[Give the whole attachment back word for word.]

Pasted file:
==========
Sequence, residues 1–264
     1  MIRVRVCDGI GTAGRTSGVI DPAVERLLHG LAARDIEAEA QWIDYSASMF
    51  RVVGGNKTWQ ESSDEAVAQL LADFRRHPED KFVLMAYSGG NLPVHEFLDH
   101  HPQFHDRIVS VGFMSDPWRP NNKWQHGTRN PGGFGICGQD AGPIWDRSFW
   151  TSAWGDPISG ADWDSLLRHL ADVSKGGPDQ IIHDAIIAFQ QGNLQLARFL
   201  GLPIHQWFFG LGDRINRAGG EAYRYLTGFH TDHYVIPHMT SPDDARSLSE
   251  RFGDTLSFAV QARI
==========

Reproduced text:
Sequence, residues 1–264
     1  MIRVRVCDGI GTAGRTSGVI DPAVERLLHG LAARDIEAEA QWIDYSASMF
    51  RVVGGNKTWQ ESSDEAVAQL LADFRRHPED KFVLMAYSGG NLPVHEFLDH
   101  HPQFHDRIVS VGFMSDPWRP NNKWQHGTRN PGGFGICGQD AGPIWDRSFW
   151  TSAWGDPISG ADWDSLLRHL ADVSKGGPDQ IIHDAIIAFQ QGNLQLARFL
   201  GLPIHQWFFG LGDRINRAGG EAYRYLTGFH TDHYVIPHMT SPDDARSLSE
   251  RFGDTLSFAV QARI